Be your BBQ humble or humungous, it’s how you master it that counts!
A BBQ for every occasion
Barbecues – we’ve come a long way, baby. We’ve gone from two to five to ten burners. Charcoal has made way for volcanic bricks and electronic ignition. It’s even safe to go to a mate’s place to christen their barbecue kettle, because these days the new models fire up in ten minutes rather than two hours. And we are roasting or barbecuing much larger chunks of meat since we got into the hooded barbecue scene in this country. With a hood, it’s no longer about standing around the barbecue poking at the meat all afternoon. This is lid down, sit down cooking.
Up the lush end of the barbecue spectrum, the hottest thing is the infrared burner. The attraction here is even distribution of radiant heat, perfect for searing in juices and, according to the guys that fire up the demo models in-store on a Saturday morning, these will produce the best roast you’ve ever tasted.
The outdoor kitchen
Next in line has to be the outdoor kitchen – multiple burners, storage cupboards and the built in beer fridge, granite top table and sink. Best selling brands in this league include Beefeater and Barbecues Galore models. They will set you back around $6000, and you will need the room to set them up.
Barbecuing on the balcony
At the other end of the scale, apartment dwellers with Lilliputian balconies are opting for compact pedestal options with fold down sides. Since some apartment landlords don’t allow open flames and none of us like lugging gas cylinders up the stairs, gas models that can be plumbed into the household natural gas supply are ideal.
We Aussies apparently prefer the solid plate to the grill (indeed, Weber makes a solid barbecue plate only for their Australian market) and our biggest concern is flare ups, but that’s as much about cleaning as anything else. Those guys cooking the demo roast agree the secret to cleaning is using barbecue specific cleaning products because normal kitchen cleaners aren’t strong enough. They also recommend making the most of the new gizmos and gadgets now available to help you achieve a perfect result. Of these, one of the niftiest is the re-usable silicone sheet for cooking sticky marinated foods. Roll out, cook on, in the sink to wash and no gunk on the grill plate.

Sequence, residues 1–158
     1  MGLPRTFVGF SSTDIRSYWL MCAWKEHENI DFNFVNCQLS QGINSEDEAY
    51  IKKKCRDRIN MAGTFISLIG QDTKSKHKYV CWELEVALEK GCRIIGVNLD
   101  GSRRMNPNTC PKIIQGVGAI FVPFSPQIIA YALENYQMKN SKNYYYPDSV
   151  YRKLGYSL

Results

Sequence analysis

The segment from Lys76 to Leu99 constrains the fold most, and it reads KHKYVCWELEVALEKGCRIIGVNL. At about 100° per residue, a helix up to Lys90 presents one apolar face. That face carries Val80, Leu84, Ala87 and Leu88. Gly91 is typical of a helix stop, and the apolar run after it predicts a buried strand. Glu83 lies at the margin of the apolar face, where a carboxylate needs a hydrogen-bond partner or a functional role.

Barbecues are hardy animals with minimum maintenance requirements. Gas connections and jets need regular checking (spiders like making homes in the jets). If the barbecue gets more use than the oven in your house, consider investing in stainless steel plates. Around $240 will set you up for life and they are much easier to clean.
But really, it’s not all about the price or the sophistication of the machinery. The bottom line for any successful barbecue is to really understand how to use the heat source. Once you have the beast tamed, anything is possible.
When to add salt
Salt is the most debated seasoning for barbecuing – or rather, when to add it. Maggie Beer, co-host of The Cook and The Chef, says salting meat too early draws out the juices and makes the meat tough. She adds salt to the side of the meat about to hit the heat just before she puts it on the grill and repeats this for the top side just before turning. Alternatively, you can simply add the salt just before cooking is completed. Experts also warn that meat shouldn’t be left too long in marinades containing acidic ingredients (eg lemon juice) because the acid will start to ‘cook’ the meat and make the flesh mushy. Keep marinating time down to between half an hour and an hour for these mixes.